- early christians
- peace societies
- socialists
- fellowship of reconciliation
- no conscription fellowship
- no more war movement
- war resisters' international
- peace pledge union


We know little of the moral code of our early ancestors, but there is considerable evidence that war, in the sense of organised conflict between groups of people trained for that purpose, developed relatively late in human history. It coincided in fact both with the rise of private property in land and other primary sources of wealth, and in the division of society into classes differing in their privileges and possessions. Tools rather than weapons are found in remains of the earliest human settlements, and there still exist 'primitive' societies in which war is unknown.

Since the beginning of recorded history we have been troubled by wars; but the longing for peace has also been part of that record. At the heart of pacifist belief is personal responsibility - the individual decision to withhold co-operation in the waging of war. The rise of pacifism in the Roman world may be attributed to the strong element of personal responsibility in the Judaeo-Christian tradition. This may also explain the absence of pacifism, in its stricter sense, in the early history of China and India, despite the significant aspiration to nonviolence in Taoism, Buddhism and Hinduism.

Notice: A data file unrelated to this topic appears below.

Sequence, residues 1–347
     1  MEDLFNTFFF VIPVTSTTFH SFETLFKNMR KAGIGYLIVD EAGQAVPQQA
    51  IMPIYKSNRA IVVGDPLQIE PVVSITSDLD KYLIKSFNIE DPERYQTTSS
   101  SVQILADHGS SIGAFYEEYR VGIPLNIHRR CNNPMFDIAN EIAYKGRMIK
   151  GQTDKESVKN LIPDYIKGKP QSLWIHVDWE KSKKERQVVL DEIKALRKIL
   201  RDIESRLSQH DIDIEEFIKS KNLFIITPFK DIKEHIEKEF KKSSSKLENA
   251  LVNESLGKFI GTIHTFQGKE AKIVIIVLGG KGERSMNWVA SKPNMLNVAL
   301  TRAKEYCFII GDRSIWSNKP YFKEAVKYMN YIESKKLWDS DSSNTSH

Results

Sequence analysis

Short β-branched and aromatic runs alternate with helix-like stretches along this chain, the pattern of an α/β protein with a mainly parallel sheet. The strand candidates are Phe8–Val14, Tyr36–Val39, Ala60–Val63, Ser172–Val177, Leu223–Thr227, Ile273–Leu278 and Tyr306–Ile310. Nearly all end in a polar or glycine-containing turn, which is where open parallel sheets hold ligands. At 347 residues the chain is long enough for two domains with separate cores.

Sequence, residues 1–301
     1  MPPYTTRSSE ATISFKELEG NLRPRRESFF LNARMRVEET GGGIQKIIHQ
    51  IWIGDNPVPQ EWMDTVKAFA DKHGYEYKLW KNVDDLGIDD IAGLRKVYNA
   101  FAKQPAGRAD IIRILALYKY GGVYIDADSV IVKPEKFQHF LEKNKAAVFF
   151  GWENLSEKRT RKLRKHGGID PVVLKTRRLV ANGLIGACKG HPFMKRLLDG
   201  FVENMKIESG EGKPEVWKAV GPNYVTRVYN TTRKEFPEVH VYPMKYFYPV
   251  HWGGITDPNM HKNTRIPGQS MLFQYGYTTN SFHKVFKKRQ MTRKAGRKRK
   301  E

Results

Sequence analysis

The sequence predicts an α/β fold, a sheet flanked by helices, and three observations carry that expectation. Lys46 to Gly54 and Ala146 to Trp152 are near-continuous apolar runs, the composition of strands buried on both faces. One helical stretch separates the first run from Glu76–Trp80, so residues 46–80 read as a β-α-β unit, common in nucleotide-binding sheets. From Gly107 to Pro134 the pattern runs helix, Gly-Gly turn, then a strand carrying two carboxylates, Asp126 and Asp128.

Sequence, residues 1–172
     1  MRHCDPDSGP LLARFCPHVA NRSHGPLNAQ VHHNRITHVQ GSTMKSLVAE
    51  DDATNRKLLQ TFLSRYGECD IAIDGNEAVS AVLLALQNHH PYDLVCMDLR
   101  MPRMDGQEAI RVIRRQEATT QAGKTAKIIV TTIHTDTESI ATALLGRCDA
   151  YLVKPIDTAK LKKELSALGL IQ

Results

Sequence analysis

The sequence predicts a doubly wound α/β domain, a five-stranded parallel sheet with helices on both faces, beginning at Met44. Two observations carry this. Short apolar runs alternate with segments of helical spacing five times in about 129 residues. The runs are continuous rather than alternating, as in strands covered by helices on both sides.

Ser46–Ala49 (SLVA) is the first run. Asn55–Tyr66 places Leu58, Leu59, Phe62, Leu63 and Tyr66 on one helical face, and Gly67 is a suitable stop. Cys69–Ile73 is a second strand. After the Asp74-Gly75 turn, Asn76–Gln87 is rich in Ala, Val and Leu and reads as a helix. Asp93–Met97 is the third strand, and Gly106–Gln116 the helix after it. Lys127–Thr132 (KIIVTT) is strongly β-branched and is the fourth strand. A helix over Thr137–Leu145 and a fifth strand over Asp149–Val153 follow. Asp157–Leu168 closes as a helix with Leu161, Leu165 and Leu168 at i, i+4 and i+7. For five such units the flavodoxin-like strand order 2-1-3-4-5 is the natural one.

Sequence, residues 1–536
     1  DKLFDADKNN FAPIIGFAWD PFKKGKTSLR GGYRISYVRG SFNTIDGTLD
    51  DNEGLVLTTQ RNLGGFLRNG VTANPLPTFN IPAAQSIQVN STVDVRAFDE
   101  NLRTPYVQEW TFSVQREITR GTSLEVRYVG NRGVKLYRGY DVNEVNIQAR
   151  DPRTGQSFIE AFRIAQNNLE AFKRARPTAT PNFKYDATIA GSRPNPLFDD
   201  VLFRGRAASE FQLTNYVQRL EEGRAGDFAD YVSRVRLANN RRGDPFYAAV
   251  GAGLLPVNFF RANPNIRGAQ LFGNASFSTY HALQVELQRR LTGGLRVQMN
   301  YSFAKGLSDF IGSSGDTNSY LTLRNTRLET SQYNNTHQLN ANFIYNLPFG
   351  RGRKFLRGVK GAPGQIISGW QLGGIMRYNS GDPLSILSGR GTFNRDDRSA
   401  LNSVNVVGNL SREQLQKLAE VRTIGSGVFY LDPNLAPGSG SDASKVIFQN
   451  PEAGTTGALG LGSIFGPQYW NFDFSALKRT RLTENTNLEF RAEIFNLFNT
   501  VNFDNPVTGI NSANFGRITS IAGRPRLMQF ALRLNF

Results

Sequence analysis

Pacifism based on non-religious concepts is a recent and, with the waning significance of traditional religion, growing trend.

The early Christians, following Christ's Sermon on the Mount, were wholly opposed to warfare and violence. They were certainly not cowards, for they refused to serve in the Roman army and apparently did not flinch from lions in the arena, or being beheaded, rather than kill a fellow human being. Tertullian in the second century was one of the first among the early Church Fathers emphatically to condemn the soldier's profession: 'Under no circumstances should a true Christian draw the sword'.